In reading some pre-show descriptions of Capital Repertory Theatre’s current production of Nilo Cruz’s “Anna in the Tropics,” I thought how odd it seemed to be pairing Tolstoy’s “Anna Karenina” with characters in a 1929 Florida cigar factory. Not odd at all. In fact, the pairing makes for beautiful harmonies. Directed with deep understanding by Maggie Mancinelli-Cahill, the show blends the two stories perfectly.
The play is set in a Cuban-American cigar factory where cigars are still rolled by hand and “lectors” are employed to read literature aloud to the workers. Their work is tedious, and the bunchers, stuffers, wrappers and rollers are transported by the classic stories from the boredom and heat of the factory.
In this particular factory, owned by Santiago (Jose Ramon Rosario) and his wife, Ofelia (Elise Santora), a new lector has been hired after the old (very old) lector has passed away. The new man, Juan Julian (Alavaro Mendoza) is young and virile and reads “Anna Karenina” as his first outing. The story and the story-teller excite the passions of Santiago’s daughters, Marela (Devon Jordan) and Conchita (Clea Rivera) who are both employed as rollers. Conchita, a romantic married to Palomo (Luis Moreno), a realist who is also employed at the factory, falls in love with Juan—or at least realizes an intensity of emotion for him that she has not known for a long time.
Her husband, after all, is having an affair with another woman. What appears at first to be a sub-plot is the hatred Santiago’s half brother Cheche (Louie Leonardo) feels for lectors in general because his wife ran off with one.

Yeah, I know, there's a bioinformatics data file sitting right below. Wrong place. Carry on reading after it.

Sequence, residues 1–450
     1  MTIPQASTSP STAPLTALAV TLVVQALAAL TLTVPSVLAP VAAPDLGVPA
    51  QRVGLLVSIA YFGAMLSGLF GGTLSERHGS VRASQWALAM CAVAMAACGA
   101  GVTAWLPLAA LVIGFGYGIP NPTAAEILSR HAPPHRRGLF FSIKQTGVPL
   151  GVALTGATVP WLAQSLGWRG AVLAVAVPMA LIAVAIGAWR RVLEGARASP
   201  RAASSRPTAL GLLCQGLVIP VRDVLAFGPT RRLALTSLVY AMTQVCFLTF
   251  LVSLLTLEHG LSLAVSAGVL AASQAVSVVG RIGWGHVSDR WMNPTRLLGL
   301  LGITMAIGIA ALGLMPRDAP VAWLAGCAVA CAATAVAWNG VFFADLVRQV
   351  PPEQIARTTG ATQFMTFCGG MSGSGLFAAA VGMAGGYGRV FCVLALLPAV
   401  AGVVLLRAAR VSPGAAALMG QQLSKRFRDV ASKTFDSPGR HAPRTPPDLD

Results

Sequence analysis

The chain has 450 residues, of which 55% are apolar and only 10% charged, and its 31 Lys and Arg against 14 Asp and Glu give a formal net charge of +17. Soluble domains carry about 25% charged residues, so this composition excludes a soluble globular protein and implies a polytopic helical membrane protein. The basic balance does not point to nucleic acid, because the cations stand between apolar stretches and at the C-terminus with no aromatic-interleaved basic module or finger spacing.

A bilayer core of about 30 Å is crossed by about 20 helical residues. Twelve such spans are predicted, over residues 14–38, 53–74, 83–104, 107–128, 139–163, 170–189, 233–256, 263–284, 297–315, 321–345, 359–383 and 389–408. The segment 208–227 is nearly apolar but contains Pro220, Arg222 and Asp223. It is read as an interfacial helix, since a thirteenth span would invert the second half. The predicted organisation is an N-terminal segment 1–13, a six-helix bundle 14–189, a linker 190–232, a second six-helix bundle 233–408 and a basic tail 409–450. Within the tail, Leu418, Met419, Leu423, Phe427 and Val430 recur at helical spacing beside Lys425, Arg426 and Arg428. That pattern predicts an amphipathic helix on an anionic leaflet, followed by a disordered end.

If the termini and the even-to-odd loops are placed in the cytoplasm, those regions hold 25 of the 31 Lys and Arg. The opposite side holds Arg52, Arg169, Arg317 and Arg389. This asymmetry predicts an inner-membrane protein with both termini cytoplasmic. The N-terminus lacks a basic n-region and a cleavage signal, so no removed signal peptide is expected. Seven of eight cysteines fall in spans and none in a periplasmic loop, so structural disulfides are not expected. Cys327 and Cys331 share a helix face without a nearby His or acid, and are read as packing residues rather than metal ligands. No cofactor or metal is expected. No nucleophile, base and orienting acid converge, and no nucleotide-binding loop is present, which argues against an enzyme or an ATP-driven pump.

This is no adaptation, to be sure, but the text of this remarkable Pulitzer Prize-winner is so tight and so literate that one can easily shift from a remembrance of Tolstoy’s masterwork to Cruz’s.
The acting is superb. Mendoza plays the lector with style and elegance and a clear grasp of his enchanting function. Rivera is heart-touching as a woman lost, who blossoms under the lector’s ministrations. Jordan plays Marela with youthful joy, and Santora has many remarkable, comic and tragic moments.
Rosario is dashing as the owner of the factory who allows the weight of his responsibilities to cow him until he finally realizes his power. Moreno plays the offending husband with the right amount of grit and guilt and Leonardo takes on the sleazy relative with skill.
Kathryn Kawecki, scenic designer, has done everything right in creating the abstraction of the play’s poetry. Costumes by Tom Heyer are period and picture perfect. Deborah Constantine’s lighting offers a gorgeous tropic moon and so many other lovely effects, and sound by Steve Stevens pays attention to both the rags and tangos and hip-swinging Latin tunes of the Prohibition era.
Do not miss this remarkable show.
WHERE: Capital Repertory Theatre, 111 N. Pearl St., Albany
WHEN: Through November 23
HOW MUCH: $44-$27
MORE INFO: 445-7469